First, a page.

Is your diet filled with sugar, junk foods, sodas, or processed foods?
Do you often skip meals?
If you suffer from depression or mood disorders, start a food diary of the foods you eat every day. You can often find answers to your health problems by doing this, as our shopping carts and refrigerators tell the story of our health.
Researchers have found that many people who suffer from depression and mood disorders are deficient in not just one nutrient but several, all contributing to symptoms.
Omega-3 Fatty Acids Deficiency
These are found in foods such as fish and Flax Seed Oil. A deficiency of Omega-3 fatty acids or an imbalance between Omega 3 and Omega 6 fatty acids may be one of the contributing factors to your depression. Omega 3 Fatty acids are important to brain function and your mental outlook on life. They also help people who suffer from inflammation and pain problems. Researchers have found that many patients with depression and mood disorders are deficient in Omega 3 Fatty Acids. It is important to buy fish oil that has been cold processed and tested for heavy metals and other contamination. It should state that on the label.
Vitamin D Deficiency
Important to immune function, bones, and brain health. Sunlight is the richest source for natural Vitamin D. The Journal Clinical Nutrition in Jan 21st, 2013 published the result of research that analyzed over 18000 British citizens for Vitamin D deficiencies and associated mental disorders links. They found that a deficiency of Vitamin D was present in patients with depression and panic disorders. The study results stated that people who are deficient in Vitamin D are at higher risk for developing depression later in life. Most seniors are deficient in Vitamin D. Often people working long hours in offices are deficient as well. Get out in the sun. Take a walk during your lunch break or walk your dog. Play a game with your kids outside away from computers and the television. Get out of the house and into the sunshine. Just don’t overdo it if you are sensitive to the sun. Overdoing it is not good either.
T here is much research in Neuropsychiatry that proves the link between B-Vitamin deficiencies and mood disorders including depression.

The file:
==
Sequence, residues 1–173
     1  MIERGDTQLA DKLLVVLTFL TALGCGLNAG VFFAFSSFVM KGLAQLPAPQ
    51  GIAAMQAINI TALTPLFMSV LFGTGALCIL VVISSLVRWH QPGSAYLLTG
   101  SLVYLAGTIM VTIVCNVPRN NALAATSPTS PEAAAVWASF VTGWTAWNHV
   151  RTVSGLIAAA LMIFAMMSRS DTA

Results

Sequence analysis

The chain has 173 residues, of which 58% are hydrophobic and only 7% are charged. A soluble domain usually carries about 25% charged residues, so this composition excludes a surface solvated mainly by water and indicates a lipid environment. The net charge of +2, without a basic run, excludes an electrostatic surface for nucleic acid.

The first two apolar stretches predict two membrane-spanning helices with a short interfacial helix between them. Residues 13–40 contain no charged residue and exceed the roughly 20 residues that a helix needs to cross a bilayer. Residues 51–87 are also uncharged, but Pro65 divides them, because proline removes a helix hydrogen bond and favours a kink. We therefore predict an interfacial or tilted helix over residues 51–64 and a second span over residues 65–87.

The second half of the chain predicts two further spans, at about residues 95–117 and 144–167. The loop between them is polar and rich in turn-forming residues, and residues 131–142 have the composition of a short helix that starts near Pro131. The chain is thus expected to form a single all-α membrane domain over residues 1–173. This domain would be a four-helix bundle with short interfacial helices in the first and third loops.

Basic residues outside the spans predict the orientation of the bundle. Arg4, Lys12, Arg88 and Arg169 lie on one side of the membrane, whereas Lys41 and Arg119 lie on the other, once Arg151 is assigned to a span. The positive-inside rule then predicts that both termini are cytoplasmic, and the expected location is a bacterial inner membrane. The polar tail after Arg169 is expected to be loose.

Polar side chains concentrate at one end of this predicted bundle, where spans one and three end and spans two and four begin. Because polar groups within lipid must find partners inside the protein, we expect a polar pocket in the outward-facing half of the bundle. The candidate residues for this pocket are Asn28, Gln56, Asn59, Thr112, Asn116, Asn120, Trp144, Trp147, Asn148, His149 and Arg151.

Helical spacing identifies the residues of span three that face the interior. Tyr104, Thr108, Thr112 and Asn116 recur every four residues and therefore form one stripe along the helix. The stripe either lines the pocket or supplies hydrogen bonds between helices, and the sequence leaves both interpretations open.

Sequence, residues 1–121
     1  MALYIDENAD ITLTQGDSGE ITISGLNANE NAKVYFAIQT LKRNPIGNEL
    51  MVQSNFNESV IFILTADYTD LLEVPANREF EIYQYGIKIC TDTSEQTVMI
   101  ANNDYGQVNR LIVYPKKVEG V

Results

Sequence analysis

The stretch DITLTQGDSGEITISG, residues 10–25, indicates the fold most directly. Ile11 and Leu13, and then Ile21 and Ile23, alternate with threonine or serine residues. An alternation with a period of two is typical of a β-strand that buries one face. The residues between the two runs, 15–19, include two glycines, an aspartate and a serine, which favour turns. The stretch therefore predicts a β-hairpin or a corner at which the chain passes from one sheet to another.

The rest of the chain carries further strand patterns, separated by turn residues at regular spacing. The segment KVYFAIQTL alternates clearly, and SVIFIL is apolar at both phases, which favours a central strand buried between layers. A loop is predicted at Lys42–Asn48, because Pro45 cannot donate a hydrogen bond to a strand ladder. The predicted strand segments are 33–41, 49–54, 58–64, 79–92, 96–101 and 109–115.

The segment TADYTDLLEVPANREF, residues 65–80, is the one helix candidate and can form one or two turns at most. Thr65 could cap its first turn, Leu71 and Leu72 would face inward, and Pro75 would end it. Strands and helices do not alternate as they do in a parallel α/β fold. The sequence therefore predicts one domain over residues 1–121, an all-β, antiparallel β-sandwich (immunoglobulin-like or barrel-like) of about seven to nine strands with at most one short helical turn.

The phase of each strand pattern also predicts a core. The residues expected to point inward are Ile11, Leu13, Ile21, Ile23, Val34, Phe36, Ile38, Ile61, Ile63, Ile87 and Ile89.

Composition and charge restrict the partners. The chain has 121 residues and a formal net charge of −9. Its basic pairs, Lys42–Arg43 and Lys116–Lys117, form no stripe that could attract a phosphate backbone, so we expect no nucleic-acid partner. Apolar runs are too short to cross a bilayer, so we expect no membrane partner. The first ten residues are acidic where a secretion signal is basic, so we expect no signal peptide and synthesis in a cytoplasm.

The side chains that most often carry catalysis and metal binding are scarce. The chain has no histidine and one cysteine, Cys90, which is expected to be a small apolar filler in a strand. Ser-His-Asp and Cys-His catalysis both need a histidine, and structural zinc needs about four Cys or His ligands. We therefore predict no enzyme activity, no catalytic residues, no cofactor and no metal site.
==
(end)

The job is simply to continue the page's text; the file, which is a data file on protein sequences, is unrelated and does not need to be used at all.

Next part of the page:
Zinc , Folate, Chromium, and Iron Deficiencies
Patients with depression are often found deficient in many nutrients including these. Often today’s foods are sadly lacking in minerals and trace minerals.
I odine is necessary for the thyroid to work properly. The thyroid, part of the endocrine system, is one of the most important glands in your body. The thyroid gland affects every function of the body including body temperature, immune function, and brain function. Iodine is found in foods such as potatoes, cranberries, Kelp, Arame, Hiziki, Kombu, and Wakame.
Amino Acids Deficiency
There are 9 necessary amino acids that cannot be manufactured in your body. You must supply them to the body by eating quality food choices. Amino acids are found in meat, eggs, fish, high quality beans, seeds and nuts. You need to eat a variety of different foods to furnish the body with all the amino acids needed to be healthy, as not all foods contain all nine amino acids. Your brain uses the amino acids found in the food you eat to manufacture neurotransmitters needed for optimal brain function.
What are neurotransmitters and what do they have to do with depression?
Healthy brain function needs the proper balance of neurotransmitters. Some neurotransmitters calm the brain and others excite the brain. Their balance in the brain creates stability of emotions and thinking. Often depression and other mental disorders are caused by imbalances in neurotransmitters. Dopamine, noradrenaline, and GABA are three important neurotransmitters often deficient in depression. Orthomolecular physicians have found that treatment with amino acids including tryptophan, tyrosine, phenylalanine, and methionine can support different mood disorders like depression.